Nick Kirk

Principal Information Analyst,
Royal Papworth Hospital NHS Foundation Trust

“I had needles and tubes galore stuck into me and was tested to oblivion and it made me appreciate what repeat testing means”

After spending 31 years working in pathology and dealing with other people’s diseases, it comes as a bit of a shock when you find yourself at the other end of the equation.

I have been a type 2 diabetic for over 20 years, and 18 months ago this led to total kidney failure. Within a week I went from being “normal” to being at death’s door. An emergency admission to Peterborough City Hospital found me on the cardiac ward with cardiac failure, connected to a bank of machines that go “ping” and an oxygen supply with a series of doctors looking over me with very concerned faces.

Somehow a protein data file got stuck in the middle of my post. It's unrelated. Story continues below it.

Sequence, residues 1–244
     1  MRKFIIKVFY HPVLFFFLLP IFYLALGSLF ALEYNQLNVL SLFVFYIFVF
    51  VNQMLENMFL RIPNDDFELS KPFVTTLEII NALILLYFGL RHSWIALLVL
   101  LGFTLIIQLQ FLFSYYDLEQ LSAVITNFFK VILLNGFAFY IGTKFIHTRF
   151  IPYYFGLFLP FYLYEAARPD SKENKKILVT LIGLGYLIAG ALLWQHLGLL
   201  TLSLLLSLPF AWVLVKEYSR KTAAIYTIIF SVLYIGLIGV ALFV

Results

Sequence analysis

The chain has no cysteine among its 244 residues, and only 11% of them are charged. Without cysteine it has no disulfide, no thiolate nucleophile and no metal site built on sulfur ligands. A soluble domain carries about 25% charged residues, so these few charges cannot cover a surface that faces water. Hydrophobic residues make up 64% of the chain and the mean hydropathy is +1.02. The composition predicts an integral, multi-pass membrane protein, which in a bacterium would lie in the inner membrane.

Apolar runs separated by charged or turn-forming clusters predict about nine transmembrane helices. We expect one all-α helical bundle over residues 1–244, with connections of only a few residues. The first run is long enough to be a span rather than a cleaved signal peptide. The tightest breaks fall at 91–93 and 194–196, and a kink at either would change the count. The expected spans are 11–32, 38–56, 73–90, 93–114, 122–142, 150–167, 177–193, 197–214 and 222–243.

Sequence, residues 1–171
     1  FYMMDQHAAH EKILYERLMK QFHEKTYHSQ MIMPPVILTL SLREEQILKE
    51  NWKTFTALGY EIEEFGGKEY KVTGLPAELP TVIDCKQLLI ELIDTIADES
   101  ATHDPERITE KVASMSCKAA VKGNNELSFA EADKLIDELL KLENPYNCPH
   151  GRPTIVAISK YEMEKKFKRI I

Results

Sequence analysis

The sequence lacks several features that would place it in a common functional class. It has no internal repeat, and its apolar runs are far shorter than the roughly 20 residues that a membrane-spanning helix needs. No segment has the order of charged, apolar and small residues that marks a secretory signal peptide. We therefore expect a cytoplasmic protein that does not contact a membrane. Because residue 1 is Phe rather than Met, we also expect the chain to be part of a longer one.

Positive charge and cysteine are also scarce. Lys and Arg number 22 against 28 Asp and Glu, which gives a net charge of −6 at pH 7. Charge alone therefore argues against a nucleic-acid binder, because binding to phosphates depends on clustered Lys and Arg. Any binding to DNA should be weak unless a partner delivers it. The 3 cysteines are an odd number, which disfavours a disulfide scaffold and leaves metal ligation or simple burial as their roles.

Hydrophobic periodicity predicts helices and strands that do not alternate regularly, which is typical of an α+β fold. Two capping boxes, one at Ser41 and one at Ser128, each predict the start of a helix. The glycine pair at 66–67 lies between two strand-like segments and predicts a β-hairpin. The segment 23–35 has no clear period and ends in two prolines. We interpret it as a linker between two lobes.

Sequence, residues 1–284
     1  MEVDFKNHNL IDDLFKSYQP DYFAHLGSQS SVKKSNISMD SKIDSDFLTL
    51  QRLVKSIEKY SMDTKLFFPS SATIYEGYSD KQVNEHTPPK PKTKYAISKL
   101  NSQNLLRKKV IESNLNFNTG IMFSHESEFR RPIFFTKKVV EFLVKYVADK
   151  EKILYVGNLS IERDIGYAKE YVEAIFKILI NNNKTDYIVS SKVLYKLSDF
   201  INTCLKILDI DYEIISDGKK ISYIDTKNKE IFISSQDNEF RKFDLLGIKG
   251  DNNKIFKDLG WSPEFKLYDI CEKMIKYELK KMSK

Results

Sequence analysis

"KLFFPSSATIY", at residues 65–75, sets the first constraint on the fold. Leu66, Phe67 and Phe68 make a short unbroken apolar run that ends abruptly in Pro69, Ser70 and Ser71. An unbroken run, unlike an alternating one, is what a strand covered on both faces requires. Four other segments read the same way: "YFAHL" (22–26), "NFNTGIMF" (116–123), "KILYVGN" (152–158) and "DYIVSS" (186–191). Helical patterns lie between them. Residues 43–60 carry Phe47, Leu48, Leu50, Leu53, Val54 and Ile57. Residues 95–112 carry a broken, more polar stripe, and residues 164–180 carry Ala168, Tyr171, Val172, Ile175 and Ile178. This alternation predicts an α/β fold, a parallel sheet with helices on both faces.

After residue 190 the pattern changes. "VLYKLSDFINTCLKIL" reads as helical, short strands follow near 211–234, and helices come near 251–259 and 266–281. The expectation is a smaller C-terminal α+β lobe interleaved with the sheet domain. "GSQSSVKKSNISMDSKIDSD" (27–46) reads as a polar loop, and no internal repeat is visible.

They managed to pull me back from the brink on two occasions, which then led to a three-week stay on the renal ward, where they tried to “dry” me out. In those three weeks they removed over 40 litres of fluid from me through a combination of diuretics and dialysis.

I had needles and tubes galore stuck into me and was tested to oblivion and it made me appreciate what repeat testing means to a chronically ill patient, something I may not have fully appreciated in the past. It also made me appreciate more the implications of rejecting samples and requesting a new blood sample.

The constant testing became a real burden after a while and even though the phlebotomists were total professionals, the sight of one at my side room door made 
my heart sink.

The impact